I just think it’s the regulator smacking corporate and looking after the customer and the risk of that coming in, I think the Royal Commission you could get a whole bunch of new legislation that reduces bank pricing power for instance.  What if, like in Britain, you weren’t allowed to have an introductory home loan offer.  If that disappeared everyone’s got to get the same price.

But there will still only be four of them, they’ll still have that incredible sort of oligopoly power.

Yeah, and it’s the same with the power sector, I guess there still is the big Energy Australia, AGL, Origin, they are the big boys and unless some government forces them to divest which the ACCC doesn’t have those powers they will probably be okay but I think AGL is sniffing the breeze and is giving a bit back and trying to look as benevolent and generous and caring as possible.

Yeah, and the CEO is on his way out, is that right?  Andy Vesey, Is he leaving?

No, I don’t think so but they did do one thing today I’ve never seen, I’ve never seen a company announce the notice of meeting for their AGM on the same day as the profit.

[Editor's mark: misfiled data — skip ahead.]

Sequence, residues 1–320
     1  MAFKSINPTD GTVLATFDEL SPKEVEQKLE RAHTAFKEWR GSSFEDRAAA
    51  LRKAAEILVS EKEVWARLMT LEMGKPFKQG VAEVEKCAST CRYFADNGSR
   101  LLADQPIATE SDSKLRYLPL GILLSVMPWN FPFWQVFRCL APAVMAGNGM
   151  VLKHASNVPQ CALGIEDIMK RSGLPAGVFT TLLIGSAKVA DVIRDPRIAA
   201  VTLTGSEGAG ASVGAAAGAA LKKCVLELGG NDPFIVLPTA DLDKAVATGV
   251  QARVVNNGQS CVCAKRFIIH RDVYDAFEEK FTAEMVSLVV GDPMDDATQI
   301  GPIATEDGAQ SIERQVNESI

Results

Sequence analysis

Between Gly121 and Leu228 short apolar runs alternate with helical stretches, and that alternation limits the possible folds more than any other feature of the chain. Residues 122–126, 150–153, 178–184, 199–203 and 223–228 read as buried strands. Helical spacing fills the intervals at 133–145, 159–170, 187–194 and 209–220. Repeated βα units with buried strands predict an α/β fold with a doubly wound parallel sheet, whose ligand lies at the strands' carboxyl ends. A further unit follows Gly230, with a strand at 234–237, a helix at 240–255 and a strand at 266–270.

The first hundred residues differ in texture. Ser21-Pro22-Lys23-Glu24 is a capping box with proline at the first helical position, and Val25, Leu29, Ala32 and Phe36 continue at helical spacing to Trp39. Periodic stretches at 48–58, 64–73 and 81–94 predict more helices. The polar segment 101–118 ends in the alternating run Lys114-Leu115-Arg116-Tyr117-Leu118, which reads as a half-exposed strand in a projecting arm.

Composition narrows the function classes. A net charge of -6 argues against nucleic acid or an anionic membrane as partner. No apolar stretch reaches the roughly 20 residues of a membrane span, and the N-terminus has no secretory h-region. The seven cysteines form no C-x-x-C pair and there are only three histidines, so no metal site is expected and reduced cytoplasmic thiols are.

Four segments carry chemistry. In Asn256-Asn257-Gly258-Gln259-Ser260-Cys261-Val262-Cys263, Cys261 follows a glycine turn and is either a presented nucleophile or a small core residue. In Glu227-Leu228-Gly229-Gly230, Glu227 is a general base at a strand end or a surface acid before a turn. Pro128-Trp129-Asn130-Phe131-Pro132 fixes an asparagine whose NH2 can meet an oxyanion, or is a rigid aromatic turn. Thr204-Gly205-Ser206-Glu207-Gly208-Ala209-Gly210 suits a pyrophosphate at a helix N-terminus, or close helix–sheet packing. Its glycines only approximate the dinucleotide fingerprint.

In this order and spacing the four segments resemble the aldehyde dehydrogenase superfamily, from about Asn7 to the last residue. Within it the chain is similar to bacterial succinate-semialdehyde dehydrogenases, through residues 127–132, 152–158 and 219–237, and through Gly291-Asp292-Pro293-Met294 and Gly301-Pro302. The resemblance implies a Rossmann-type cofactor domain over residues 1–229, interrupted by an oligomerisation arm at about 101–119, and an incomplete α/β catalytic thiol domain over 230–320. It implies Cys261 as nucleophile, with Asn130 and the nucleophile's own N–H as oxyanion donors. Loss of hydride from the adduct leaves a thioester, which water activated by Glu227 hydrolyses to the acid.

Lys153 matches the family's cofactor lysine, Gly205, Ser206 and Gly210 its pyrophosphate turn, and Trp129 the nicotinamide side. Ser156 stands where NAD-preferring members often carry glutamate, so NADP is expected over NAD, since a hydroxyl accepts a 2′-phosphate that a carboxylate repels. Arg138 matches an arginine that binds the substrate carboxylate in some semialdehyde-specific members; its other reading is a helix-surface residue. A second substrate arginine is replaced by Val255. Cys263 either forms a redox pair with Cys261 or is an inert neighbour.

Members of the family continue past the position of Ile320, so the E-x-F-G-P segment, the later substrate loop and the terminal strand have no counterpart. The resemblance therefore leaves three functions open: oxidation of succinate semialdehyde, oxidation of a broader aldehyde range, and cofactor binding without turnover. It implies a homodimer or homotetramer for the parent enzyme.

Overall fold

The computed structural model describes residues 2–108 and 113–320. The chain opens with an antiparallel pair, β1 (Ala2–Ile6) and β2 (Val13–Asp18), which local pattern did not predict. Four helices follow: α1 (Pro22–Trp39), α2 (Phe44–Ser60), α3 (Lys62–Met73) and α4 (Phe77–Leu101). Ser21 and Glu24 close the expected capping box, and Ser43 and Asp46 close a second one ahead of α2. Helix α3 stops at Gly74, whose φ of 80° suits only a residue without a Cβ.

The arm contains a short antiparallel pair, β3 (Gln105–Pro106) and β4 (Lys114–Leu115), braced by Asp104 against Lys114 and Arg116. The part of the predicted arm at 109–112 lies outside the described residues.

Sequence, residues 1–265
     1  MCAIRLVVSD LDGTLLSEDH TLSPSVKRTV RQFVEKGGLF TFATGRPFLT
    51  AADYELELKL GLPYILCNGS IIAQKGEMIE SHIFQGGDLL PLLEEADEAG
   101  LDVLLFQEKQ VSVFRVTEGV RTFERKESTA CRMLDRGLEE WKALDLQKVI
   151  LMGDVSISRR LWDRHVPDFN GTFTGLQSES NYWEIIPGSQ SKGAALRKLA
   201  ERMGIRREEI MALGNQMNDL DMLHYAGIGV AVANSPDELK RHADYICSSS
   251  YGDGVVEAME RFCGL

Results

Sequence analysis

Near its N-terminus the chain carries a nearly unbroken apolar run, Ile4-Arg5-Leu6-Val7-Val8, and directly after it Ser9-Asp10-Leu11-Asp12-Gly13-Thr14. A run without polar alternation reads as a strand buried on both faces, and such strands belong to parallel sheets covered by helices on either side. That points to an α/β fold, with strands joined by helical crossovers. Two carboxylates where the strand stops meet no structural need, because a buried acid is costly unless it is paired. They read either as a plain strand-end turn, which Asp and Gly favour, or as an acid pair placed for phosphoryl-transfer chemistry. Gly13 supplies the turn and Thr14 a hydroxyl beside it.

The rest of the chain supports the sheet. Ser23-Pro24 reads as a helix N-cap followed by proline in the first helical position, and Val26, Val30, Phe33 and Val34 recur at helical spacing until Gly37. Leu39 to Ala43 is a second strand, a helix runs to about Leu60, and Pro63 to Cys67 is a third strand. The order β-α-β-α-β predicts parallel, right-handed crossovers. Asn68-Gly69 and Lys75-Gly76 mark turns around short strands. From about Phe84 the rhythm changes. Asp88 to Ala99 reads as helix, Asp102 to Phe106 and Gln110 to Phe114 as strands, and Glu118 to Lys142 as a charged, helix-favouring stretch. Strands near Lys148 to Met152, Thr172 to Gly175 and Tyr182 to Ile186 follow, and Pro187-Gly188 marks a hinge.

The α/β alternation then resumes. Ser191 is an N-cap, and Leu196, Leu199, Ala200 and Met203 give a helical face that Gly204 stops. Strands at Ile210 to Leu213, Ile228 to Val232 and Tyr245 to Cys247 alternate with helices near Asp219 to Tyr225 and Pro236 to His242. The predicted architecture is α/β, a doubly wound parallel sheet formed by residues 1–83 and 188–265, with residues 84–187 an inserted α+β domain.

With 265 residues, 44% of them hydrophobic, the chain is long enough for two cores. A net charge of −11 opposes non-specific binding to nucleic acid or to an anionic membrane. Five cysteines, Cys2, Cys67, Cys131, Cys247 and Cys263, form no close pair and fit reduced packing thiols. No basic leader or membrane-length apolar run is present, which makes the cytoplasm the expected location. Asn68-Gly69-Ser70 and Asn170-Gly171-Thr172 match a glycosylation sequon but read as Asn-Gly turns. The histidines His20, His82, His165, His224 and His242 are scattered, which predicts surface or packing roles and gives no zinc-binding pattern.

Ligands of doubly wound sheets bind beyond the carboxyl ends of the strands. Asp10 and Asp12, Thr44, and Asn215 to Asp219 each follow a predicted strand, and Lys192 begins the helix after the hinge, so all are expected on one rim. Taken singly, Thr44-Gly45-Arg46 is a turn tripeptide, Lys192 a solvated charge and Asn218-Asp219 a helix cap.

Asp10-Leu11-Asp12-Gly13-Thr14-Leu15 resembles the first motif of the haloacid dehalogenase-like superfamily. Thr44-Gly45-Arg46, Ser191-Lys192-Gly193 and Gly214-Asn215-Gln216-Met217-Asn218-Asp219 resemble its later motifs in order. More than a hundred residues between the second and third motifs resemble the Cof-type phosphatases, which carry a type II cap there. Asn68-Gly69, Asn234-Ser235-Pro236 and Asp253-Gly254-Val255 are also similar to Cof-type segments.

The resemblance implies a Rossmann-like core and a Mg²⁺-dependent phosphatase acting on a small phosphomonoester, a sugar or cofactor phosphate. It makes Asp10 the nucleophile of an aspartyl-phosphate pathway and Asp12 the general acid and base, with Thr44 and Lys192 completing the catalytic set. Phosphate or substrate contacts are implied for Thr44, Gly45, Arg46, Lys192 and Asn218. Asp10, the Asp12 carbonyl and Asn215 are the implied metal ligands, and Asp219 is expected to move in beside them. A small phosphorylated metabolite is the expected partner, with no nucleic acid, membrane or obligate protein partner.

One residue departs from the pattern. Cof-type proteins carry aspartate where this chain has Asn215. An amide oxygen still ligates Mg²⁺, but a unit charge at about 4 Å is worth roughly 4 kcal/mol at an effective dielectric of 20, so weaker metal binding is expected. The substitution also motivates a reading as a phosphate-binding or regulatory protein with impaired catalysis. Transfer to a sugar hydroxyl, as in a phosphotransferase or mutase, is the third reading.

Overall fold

The AGM?

The AGM, yeah.  Normally, and this was last year, they had a two week gap.

Why is this?

Well they’re bringing it forward, so why have they done it?  I don’t know whether they want to shut the door on someone running for the board.  Normally what happens is the results come out and then…

People digest them.

Yeah, and then if you’re angry you might nominate for the board but now it’s too late because nominations have closed already and they’ve just dropped the notice of meeting today.  I’ve never seen that before.

But the result was good.

The numbers were good, the share price reaction was a bit more disappointing I think because of the regulatory risk.

Is this something you may not know, Stephen?

As someone who has run for 48 public company boards I was thinking I could run for AGL, I’ll wait to see the numbers, too late she cried, the door is already closed.  I thought that was very unusual.

Intriguing.  Now while you’re here we should talk about the gaming and gambling area.  It’s funny, I noticed I just came back from holidays and I think it was a Monday morning and I noticed Star City – is it Sky City or Star City?

Star Entertainment.